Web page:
Englishman, and the King has need of your services." Cook now took out of
his pocket a certificate, that was signed by Sir John Beresford, stating
that Thomas Cook had been discharged from His Maj. Ship Cambrian, after a
pretty long service in her, because he had satisfactorily proved that he
was a native-born American. The lieutenant could not very well dishonour
this document, and he reluctantly let Cook go, keeping his protection,
however. He next selected Isaac Gaines, a native New Yorker, a man whose
father and friends were known to the captain. But Gaines had no discharge
like that of Cook's, and the poor fellow was obliged to rowse up his chest
and get into the cutter. This he did with tears in his eyes, and to the
regret of all on board, he being one of the best men in the ship. We asked
the boat's crew to what vessel they belonged, and they gave us the name of
a sixty-four in the offing, but we observed, as they pulled away from us,
that they took the direction of another ship. This was the last I ever
saw, or heard, of Isaac Gaines. Cook went on with us, and one day, while
in London, he went with Cooper to Somerset House to get an order for some
prize-money, to which he was entitled for his service in the Cambrian, as
was shown by his discharge. The clerk asked him to leave the certificate,
and call a day or two later, when he would have searched out the amount.
This was done, and Cook, being now without certificate or protection, was
pressed on his way back to the ship. We never heard of him, either. Such
was often the fate of sailors, in that day, who were with you one day, and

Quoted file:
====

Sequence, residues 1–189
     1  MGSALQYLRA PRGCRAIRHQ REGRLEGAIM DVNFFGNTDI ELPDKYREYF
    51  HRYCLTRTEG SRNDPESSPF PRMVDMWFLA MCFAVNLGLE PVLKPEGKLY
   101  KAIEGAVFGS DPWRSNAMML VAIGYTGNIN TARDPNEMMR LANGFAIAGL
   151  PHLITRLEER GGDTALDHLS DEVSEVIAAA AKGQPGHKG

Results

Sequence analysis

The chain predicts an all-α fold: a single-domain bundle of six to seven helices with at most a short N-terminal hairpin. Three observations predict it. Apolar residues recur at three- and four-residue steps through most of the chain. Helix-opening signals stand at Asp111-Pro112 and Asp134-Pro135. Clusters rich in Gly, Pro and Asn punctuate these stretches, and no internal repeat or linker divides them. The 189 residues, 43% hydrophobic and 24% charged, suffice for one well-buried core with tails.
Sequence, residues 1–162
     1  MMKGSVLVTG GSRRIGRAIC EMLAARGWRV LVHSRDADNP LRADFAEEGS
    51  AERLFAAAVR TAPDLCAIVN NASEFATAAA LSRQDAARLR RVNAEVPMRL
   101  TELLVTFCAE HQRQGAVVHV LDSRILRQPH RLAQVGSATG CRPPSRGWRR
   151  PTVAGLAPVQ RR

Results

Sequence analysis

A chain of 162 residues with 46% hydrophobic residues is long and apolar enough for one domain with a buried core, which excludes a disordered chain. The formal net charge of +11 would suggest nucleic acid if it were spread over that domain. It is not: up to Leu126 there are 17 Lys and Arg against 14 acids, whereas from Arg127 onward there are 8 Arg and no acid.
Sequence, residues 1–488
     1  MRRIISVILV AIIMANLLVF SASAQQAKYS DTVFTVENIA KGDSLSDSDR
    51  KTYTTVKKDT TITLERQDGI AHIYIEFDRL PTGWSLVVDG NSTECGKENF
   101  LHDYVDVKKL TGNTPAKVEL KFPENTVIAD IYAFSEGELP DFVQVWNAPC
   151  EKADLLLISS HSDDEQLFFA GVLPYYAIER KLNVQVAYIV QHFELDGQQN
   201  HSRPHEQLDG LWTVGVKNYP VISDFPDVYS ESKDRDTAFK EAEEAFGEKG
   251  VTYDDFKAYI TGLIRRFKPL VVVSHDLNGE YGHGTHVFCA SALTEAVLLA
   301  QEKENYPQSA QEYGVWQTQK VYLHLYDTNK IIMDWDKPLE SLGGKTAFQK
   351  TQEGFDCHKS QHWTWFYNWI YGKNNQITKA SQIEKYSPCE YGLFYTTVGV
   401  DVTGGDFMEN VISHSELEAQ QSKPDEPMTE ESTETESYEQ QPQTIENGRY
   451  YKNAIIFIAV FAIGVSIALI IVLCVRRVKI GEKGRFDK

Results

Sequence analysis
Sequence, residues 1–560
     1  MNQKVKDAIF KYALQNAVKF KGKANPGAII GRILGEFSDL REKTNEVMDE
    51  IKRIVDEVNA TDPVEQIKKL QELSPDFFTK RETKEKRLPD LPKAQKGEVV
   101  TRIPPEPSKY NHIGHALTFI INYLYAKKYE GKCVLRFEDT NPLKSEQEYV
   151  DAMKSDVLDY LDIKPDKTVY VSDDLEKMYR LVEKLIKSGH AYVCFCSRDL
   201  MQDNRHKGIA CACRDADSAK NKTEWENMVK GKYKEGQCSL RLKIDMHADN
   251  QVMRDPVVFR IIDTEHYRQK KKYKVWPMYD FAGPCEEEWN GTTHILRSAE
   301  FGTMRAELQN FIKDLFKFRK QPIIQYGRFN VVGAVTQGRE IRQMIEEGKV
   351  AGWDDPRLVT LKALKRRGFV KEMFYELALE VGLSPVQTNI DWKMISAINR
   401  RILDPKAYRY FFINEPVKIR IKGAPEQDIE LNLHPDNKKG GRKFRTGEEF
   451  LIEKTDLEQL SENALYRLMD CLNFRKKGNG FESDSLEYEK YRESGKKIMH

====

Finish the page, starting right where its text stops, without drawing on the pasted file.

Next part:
lost for ever the next.

Captain Johnston did not get back to the ship for four-and-twenty hours.
He brought orders for us to go up to London; and, the wind being fair, and
almost a gale, we got under way, and were off as soon as possible. The
next morning we were in the straits of Dover; the wind light, but fair.
This was at a moment when all England was in arms, in anticipation of an
invasion from France. Forty odd sail of vessels of war were counted from
our ship, as the day dawned, that had been cruising in the narrow waters,
during the night, to prevent a surprise.

We worked our way up to London, with the tides, and were carried into
London dock; where we discharged. This was my first visit to the modern
Babylon, of course; but I had little opportunity of seeing much. I had one
or two cruises, of a Sunday, in tow of Cooper, who soon became a branch
pilot, in those waters, about the parks and west end but I was too young
to learn much, or to observe much. Most of us went to see the monument,
St. Paul's, and the lions; and Cooper put himself in charge of a
beef-eater, and took a look at the arsenals, jewels and armoury. He had a
rum time of it, in his sailor rig, but hoisted in a wonderful deal of
gibberish, according to his own account of his cruise.

Captain Johnston now got a freight for the ship, and we hauled into the
stream, abreast of the dock-gates, and took in shingle ballast. The
Prussian, Dane, second mate, and the English cooper, all left us, in
London. We got a Philadelphian, a chap from Maine, who had just been
discharged from an English man-of-war, and an Irish lad, in their places.
In January we sailed, making the best of our way for the straits of
Gibraltar. The passage was stormy--the Bay of Biscay, in particular,
giving us a touch of its qualities. It was marked by only two incidents,
however, out of the usual way. While running down the coast of Portugal,
with the land in sight, we made an armed felucca astern, and to windward.